Here’s a great story for the Fourth of July, particularly this one!
Several years ago, I ran a book drive to give away gently-used books from suburban families to inner-city kids in an after-school program. Many of them had zero books in their homes. I also wanted to build up the library of the after-school, so I set aside books of special interest to multicultural readers for that purpose.
One of them was about Crispus Attucks. I had never heard of him. Here I was, decades out of school, but I had never heard the name of the first patriot shot and killed in the Revolutionary War – who happened to be black and Native American. I read the book with gusto and passed it on with pride.
Last night at Mount Rushmore, as President Trump announced the neat idea of a “Garden of American Heroes,” in light of the “Black Lives Matter” hubbubs right now, I thought that a statue of Crispus Attucks would be a natural for that project.
Apparently, he had been a slave in Massachusetts but was gifted in horse and cattle trading. So he made a lot of money for his “owner.” He got to keep a little of it. When he had a lot saved up, he tried to buy his freedom from his “owner,” who refused. So he escaped.
He wound up in the docks, being a stevedore or making rope, and according to the book, he was well-accepted and popular among his peers. He agreed that the patriots needed to get free of British rule and taxation. When the altercation with British soldiers happened that fateful night in 1770, Attucks happened to be with his friends the patriots. He was the very first patriot shot and killed. He was among the five laid in state in Boston’s famous Faneuil Hall – never mind any segregation laws.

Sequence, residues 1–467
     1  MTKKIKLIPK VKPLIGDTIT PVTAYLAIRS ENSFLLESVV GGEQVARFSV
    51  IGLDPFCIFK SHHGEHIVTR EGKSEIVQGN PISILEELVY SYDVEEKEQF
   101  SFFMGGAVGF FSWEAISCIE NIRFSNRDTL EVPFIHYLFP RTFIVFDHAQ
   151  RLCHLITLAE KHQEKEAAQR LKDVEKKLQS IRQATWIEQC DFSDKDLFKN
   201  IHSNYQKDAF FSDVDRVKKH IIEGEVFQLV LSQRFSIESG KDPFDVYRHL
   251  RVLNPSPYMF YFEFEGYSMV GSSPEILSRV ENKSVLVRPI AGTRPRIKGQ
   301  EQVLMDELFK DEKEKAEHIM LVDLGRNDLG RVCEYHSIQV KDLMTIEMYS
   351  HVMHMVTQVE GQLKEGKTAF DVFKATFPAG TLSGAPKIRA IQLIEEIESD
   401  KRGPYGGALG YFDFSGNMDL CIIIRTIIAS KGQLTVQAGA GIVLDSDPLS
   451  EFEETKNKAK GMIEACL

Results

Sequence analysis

We know that event now as “The Boston Massacre,” and it really did kick off the Revolutionary War that finally won our freedom in 1776.
Historians say as many as 8,000 people born in Africa fought on the side of the patriots in that war – something I did not know. Pretty impressive!
I hope parents will make sure their children know about Crispus Attucks and many other black leaders in American history. We should be so proud of our multicultural heritage, so rare in the world today. It’s best to uplift heroes and positive influences to teach the new generations what they owe Americans of the past, whatever color their skin happened to be. †
Greater love hath no man than this,
that a man lay down his life for his friends.
By Susan Darst Williams • 7/4/2020 • www.RadiantBeams.org • © 2020